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Author: Subject: Parcel card for insured parcel to Sweden
eja1703
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[*] posted on 8/14/2004 at 12:53
Parcel card for insured parcel to Sweden


I have a parcel card for an insured parcel sent from Orsha to Sweden in 1915. Franked with 104 kopek. What was the postage for the weight and what was the postage for the insurance? Which periods were the these rates valid?
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Gary
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[*] posted on 8/14/2004 at 16:46


Please post a scan of the front of this item. The Russians usually had a "chart/table/check box" in which they would indicate what was what.
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eja1703
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[*] posted on 8/25/2004 at 07:59
Picture


Here comes finally a picture of the front side. The only inetersting on the back is an arrival cancellation from Stockholm

Verdifb Orsha 100.jpg - 25kB
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achlenov
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[*] posted on 8/26/2004 at 12:58


Looks like it was declared at 30 robles for 5kg weight. I don't know the rates, sorry. Did they always fill out international forms in French?
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yozhik
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smile.gif posted on 8/31/2004 at 06:54
French


The use of French originates from the fact that French was, from the middle ages until the 20th century the diplomatic language of Europe. This is also why until the last couple of years official russian transliterations from the cyrillic were made using the french transliteration rather than English. (Eltsin instead of Yeltsin, Elena instead of Yelena, Ekaterina instead of Yekaterina etc.)
Visas and passports are now transliterated according to the English transliteration as English has de-facto replaced French as the common diplomatic language. The change is however slow and I have seen a number of mixed transliterations as old habits die hard.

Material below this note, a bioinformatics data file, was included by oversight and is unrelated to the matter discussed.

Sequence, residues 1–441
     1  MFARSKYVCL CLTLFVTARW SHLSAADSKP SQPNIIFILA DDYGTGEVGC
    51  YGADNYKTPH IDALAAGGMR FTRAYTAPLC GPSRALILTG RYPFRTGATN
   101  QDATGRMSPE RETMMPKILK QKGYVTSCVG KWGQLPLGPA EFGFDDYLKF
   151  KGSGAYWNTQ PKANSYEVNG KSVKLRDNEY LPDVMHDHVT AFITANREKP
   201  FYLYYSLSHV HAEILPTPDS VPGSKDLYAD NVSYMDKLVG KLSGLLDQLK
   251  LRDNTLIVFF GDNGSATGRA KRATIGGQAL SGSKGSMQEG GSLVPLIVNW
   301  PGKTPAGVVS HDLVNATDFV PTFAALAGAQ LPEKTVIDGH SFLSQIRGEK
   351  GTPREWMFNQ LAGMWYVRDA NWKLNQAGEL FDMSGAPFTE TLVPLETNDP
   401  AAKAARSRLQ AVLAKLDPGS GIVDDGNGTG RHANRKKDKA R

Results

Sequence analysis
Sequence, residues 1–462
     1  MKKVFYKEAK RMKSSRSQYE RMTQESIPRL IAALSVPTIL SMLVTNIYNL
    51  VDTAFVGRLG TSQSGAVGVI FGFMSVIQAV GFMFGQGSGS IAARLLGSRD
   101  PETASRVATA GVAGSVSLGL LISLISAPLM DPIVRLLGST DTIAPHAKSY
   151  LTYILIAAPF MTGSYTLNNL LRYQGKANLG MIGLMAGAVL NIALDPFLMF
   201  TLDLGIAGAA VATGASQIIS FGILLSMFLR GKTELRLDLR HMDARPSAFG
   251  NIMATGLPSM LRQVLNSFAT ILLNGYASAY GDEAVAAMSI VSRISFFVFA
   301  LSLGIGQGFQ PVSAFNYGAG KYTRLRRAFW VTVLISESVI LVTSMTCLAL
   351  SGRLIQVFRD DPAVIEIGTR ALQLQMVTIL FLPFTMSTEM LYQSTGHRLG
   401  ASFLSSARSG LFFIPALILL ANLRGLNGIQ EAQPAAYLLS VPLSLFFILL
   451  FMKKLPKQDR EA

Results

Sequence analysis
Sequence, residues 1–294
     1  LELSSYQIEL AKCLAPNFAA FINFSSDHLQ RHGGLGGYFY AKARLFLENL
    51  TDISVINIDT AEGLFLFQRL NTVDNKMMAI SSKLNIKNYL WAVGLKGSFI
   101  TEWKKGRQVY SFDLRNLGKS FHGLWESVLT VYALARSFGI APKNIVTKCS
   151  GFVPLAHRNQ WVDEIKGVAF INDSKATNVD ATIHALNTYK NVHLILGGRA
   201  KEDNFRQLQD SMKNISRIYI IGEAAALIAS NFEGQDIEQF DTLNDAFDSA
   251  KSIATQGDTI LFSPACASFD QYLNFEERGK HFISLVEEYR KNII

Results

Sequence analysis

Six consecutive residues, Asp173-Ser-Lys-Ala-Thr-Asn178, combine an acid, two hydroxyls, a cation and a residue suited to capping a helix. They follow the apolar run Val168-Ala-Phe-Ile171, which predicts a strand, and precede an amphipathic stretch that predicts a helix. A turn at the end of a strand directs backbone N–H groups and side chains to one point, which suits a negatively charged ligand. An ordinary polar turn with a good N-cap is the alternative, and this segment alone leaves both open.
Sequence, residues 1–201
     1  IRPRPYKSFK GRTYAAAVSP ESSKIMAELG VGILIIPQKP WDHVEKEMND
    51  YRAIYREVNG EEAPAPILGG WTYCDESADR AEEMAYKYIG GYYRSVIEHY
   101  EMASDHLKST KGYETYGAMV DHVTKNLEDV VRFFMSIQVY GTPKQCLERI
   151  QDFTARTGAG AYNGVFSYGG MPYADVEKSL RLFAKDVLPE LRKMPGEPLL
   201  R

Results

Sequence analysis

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Gary
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[*] posted on 3/2/2005 at 18:59


Charly,

Sorry, but I am having a lot of trouble understanding your request.
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howard
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[*] posted on 3/3/2005 at 16:34


According to the 1911 Universal Almanac (Vseobshchii Kalendar), the weight fee for a 5 kg. parcel was 90 kop., and the insurance fee for Sweden was 10 kop. plus 4 kop. more for sea transport.
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oldteddy
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[*] posted on 3/5/2005 at 07:48
Why French?


I think there is a much simpler [and more PHILATELIC] answer to why French. French was and still is the official language of the UPU. English was added as a working language of the International Bureau in 1994. So all forms and documents intended for international use should have French as at least one of the languages. And the card in question is one of those UPU-complied postal forms.
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